£15m boost is gold for new Ravenhill
Ulster Rugby chiefs and fans can start looking forward to a new golden era following the announcement of a £15m Stormont Executive-aided revamp of Ravenhill, taking the capacity of the famous old east Belfast ground from 12,300 to 18,200.
Increased attendances and revenues when work is completed in 2015 will in turn allow facilities and, in particular the Ulster team, to be even further enhanced.
Work will begin towards the end of this year and, when finished, will render Ravenhill capable of staging showpiece matches such as a Pro 12 final.
The major boost was announced jointly at Ravenhill yesterday by Environment Minister Alex Attwood and Sports Minister Carál Ní Chuilín and warmly welcomed by Ulster Rugby Chief Executive Shane Logan.
Existing stands at the Memorial and Aquinas ends of the ground will be rebuilt and the old grandstand replaced completely.
Sports Minister Ní Chuilín described the announcement as a key milestone in the development of her regional sports stadiums programme which follows the Executive pledge of £138m for the upgrade of the province's main sporting citadels.
Ulster GAA chiefs have already launched plans to make Casement Park in Belfast this country's biggest stadium with a 40,000 capacity from their £61.4million share of the pot.
That just leaves the Irish FA, with a similar amount pledged, to come up with their plans for a new national football stadium at Windsor Park.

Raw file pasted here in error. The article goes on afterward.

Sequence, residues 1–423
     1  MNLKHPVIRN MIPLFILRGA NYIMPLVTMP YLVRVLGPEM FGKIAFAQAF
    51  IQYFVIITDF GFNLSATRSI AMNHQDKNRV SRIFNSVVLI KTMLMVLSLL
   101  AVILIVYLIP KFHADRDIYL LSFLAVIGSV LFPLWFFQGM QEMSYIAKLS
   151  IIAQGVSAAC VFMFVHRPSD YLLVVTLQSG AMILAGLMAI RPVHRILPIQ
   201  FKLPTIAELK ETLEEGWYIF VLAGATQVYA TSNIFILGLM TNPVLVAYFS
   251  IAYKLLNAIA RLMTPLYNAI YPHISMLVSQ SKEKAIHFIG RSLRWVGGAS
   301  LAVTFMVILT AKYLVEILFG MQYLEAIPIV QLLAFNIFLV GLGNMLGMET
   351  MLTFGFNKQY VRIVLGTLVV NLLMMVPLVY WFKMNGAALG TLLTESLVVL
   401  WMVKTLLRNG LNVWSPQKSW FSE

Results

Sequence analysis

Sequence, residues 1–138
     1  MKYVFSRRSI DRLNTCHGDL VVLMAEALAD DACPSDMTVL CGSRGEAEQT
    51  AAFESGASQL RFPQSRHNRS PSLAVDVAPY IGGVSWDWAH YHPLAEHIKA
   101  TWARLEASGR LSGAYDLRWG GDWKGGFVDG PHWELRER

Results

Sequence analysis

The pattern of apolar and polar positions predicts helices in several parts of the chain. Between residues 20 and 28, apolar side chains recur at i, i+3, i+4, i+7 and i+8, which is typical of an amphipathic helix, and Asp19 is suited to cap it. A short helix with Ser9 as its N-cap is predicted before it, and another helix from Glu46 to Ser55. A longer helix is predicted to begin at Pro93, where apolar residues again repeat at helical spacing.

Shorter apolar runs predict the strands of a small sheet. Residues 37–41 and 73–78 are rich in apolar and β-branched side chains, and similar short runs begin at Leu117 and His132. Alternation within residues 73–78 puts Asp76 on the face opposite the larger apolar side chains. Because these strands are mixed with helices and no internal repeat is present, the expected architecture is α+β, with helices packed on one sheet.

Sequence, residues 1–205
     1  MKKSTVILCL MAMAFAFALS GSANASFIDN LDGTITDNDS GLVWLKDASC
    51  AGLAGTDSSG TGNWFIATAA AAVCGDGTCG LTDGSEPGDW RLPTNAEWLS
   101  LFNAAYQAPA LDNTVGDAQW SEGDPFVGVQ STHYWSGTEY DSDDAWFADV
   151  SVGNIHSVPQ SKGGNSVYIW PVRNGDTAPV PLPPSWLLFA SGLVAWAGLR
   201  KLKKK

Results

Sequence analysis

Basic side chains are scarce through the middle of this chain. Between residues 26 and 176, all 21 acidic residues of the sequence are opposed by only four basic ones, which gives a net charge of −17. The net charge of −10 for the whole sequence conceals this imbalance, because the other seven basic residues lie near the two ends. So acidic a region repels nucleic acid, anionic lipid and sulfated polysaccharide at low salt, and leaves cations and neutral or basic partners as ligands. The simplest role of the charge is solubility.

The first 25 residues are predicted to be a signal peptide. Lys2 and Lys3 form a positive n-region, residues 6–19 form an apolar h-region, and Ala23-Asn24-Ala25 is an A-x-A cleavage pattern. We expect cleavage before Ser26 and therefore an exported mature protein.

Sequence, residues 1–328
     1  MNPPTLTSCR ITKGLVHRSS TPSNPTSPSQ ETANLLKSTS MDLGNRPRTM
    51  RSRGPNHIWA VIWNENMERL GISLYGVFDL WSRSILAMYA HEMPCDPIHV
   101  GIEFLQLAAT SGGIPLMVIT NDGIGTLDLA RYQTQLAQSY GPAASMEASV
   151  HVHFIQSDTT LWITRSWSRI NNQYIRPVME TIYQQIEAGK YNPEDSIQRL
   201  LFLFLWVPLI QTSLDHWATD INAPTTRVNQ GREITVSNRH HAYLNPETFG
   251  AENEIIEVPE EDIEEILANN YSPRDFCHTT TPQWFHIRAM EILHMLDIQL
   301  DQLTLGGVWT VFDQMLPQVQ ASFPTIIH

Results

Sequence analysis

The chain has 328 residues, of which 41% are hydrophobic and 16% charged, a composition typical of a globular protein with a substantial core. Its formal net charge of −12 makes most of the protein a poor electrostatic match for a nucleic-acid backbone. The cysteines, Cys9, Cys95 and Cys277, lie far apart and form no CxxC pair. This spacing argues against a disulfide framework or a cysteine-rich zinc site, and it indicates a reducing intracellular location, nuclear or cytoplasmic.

For now it is rugby's turn to celebrate with Ulster Chief Executive Shane Logan commenting: “A modern, fit-for-purpose and spectator-friendly stadium will enhance Ulster Rugby’s standing and will assist the development of the sport from the grassroots through to international levels.
“The development at Ravenhill will not only benefit our sport but will have wider benefits for health, tourism and the local economy and we are privileged to be part of a legacy that will remain in Northern Ireland for years to come.”
While Sports Minister Ní Chuilín released the purse strings, Environment Minister Attwood paved the way for the new Ravenhill to rise by clearing planning permission for the ground improvements.
He stressed: “In arriving at my decision, I have given careful consideration to the need for a new stadium and views of the local community amongst others.
“I am satisfied that the new Ravenhill can be achieved without causing undue harm to the surrounding area or its citizens and Ulster Rugby will have a major role in this regard.”
The latest construction work at Ravenhill will take a phased approach and the ground will continue to host matches, albeit with a slightly reduced capacity, throughout the build.
The new Memorial End Stand will provide covered seating for 2,500 with terracing for a further 1,350 and will house a ticket office, shop and educational centre as well as matchday bar and catering.
The Aquinas End stand will be family-orientated with covered seating for 3,200. It will also accommodate team changing facilities, medical and treatment rooms, an indoor training surface and matchday media facilities.
Once the stands at the Memorial and Aquinas ends are completed, work will begin on the demolition of the existing stand and construction of a replacement 3,200-seat grandstand.
This stand will also house bar and restaurant facilities while the existing promenade will be upgraded to hold 3,250, taking the capacity of Ravenhill up to 18,200.